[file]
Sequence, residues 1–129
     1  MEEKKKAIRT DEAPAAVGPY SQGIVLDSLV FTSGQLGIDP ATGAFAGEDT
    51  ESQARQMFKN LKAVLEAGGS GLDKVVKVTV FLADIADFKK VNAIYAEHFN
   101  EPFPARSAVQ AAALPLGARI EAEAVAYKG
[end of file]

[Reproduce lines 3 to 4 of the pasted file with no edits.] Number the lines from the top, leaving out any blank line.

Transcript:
    51  ESQARQMFKN LKAVLEAGGS GLDKVVKVTV FLADIADFKK VNAIYAEHFN
   101  EPFPARSAVQ AAALPLGARI EAEAVAYKG